The overall score is the geometric mean of the main test scores which in turn are the geometric mean of their respective individual test scores. Note that the HTML5 tests (prefixed with HTML5 in this document) are not calculated into the overall score. The HTML5 tests comprise their own HTML5 capability score, though for the tests for which there is a measurable metric, the score details may be viewed separately.

What factors affect the score?

Other than the browser itself, the most significant factor affecting the score is the type of CPU in your Internet device. After that, the power of your graphics chip affects the result somewhat, though mostly in situations where the card is very slow, or no drivers have been installed for it. Running other applications that consume system resources at the same time as the benchmark is running will naturally affect the score. The size of the viewable browser area also affects the score, so the screen resolution you use, the size of the browser window and whether the window is minimized affect the score as well. Beyond these, other factors are usually not significant. Your internet connection speed and network latency do not influence the score in any way.

Why do you need to scan my system and what are you looking for?

Peacekeeper scans your PC hardware details by default in order to link your browser’s performance with your hardware details. The scan is not a requirement (nor is it even available on all platforms) and the performance evaluation is just as accurate without it. However, the scan allows us to provide richer services such as the lists of most popular hardware and browsers for example.

The system scan itself is the same as used in all Futuremark products, such as 3DMark, PCMark, VirtualMark and the Game-o-Meter. It scans specifically for details of your PC’s hardware: CPU model and speed, graphics card, memory, motherboard information and other components. It does not scan any of your files or installed programs, nor does it collect any personally identifiable information (PII). Read our privacy policy.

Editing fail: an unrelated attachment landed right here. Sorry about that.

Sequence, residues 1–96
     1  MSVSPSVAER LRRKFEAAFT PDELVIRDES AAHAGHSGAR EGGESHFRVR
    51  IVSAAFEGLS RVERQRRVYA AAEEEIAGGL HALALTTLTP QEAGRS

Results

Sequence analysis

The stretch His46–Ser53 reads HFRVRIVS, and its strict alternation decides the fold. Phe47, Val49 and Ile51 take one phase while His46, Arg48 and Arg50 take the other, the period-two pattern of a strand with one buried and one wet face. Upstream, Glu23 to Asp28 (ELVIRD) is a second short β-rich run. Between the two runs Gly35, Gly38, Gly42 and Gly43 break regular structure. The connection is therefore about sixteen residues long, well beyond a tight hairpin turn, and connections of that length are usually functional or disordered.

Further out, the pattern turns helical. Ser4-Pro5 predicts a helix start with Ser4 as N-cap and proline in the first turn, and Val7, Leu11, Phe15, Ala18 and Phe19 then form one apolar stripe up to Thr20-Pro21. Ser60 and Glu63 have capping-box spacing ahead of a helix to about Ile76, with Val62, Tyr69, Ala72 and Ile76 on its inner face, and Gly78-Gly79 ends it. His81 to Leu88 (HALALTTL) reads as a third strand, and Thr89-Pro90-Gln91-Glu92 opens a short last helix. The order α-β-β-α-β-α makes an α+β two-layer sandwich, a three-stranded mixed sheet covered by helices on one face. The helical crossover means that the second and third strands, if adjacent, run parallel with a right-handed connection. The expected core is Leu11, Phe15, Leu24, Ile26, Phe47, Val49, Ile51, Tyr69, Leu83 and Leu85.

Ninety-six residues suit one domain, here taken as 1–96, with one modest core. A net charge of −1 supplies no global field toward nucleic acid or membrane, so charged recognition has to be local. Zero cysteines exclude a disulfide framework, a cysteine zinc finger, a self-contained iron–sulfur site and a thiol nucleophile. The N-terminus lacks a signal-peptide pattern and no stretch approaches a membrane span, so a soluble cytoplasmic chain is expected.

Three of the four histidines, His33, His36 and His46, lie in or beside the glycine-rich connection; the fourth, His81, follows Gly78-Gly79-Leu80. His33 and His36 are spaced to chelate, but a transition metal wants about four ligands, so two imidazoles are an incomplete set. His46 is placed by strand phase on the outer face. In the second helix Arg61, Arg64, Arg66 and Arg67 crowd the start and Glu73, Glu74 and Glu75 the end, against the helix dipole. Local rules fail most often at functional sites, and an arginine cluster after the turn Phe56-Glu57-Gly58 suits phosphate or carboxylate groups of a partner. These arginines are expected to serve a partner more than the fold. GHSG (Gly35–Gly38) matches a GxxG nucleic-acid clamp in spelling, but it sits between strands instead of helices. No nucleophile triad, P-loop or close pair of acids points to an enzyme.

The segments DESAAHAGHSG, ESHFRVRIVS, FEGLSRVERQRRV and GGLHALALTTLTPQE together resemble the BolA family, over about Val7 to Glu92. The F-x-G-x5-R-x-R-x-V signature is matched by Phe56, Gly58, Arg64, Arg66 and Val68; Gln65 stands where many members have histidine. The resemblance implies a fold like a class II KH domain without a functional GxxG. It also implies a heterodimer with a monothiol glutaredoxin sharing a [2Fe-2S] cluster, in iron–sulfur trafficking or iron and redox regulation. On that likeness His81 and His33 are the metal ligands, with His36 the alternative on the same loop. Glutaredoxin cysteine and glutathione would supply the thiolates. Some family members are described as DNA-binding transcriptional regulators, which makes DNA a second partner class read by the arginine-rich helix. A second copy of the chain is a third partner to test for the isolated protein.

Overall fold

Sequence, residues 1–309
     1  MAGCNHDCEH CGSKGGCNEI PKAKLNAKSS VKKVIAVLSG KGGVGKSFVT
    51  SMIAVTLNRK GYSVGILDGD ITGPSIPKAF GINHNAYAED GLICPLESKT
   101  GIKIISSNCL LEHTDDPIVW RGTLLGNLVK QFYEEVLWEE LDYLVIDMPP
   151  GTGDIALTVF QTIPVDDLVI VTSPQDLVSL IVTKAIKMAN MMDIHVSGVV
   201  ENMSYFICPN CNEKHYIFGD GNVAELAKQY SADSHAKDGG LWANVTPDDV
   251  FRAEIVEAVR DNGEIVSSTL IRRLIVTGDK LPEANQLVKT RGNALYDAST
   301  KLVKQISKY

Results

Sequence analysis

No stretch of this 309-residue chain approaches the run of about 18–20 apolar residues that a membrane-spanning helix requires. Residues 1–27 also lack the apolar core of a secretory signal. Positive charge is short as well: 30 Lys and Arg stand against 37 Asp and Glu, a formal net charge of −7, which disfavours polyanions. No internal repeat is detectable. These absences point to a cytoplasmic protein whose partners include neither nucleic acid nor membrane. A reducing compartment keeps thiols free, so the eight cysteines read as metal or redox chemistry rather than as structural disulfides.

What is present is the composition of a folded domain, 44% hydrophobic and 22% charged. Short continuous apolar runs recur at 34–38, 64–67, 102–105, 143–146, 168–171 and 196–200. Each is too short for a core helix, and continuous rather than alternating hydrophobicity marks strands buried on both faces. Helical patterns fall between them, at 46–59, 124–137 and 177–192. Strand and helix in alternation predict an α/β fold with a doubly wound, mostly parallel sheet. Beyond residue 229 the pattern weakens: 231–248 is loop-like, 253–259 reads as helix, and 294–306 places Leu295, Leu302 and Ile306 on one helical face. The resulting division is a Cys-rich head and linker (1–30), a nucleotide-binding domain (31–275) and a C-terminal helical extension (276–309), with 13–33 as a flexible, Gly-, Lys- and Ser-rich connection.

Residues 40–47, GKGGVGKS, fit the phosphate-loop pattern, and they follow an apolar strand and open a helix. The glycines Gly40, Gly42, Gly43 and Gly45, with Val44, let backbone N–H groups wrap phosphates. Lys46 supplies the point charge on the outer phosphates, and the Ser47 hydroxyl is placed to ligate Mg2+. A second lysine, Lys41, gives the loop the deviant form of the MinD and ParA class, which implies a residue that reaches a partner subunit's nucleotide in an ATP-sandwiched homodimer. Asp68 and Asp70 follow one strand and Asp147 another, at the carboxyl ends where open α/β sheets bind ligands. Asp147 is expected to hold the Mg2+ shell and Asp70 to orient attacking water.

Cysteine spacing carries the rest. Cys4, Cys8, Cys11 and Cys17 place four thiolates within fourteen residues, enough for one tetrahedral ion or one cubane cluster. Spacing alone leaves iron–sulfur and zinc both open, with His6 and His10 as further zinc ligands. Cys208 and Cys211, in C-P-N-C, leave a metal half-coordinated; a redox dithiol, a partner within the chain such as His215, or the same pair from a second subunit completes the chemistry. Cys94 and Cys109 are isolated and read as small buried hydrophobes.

What are the system requirements?

Peacekeeper will work with almost any modern web browser. To use our system scan feature that pairs your performance score with your system hardware details, you need to be running Windows with either Internet Explorer or a browser that has the Java-Plug-in installed.

How are the top lists generated?

These lists are compiled from data collected from the people who use Peacekeeper. Note that since the system scan is only available on Windows systems, the hardware related lists only reflects scores obtained on Windows systems.

Why are there no Linux/Mac/Other lists of the top scores?

Currently, our system scan technology only works on Windows PCs. Without knowing the hardware details of a system, the performance score alone is not enough to create a list of top scores.

Where can I get support or give feedback?

The web is changing all the time and Peacekeeper will too. We want to hear your thoughts on how Peacekeeper could be improved. Peacekeeper has a dedicated discussion board on the Futuremark website where you can tell us your thoughts, get support or leave feedback. For product updates and news of new browsers you can follow @FM_Peacekeeper on Twitter.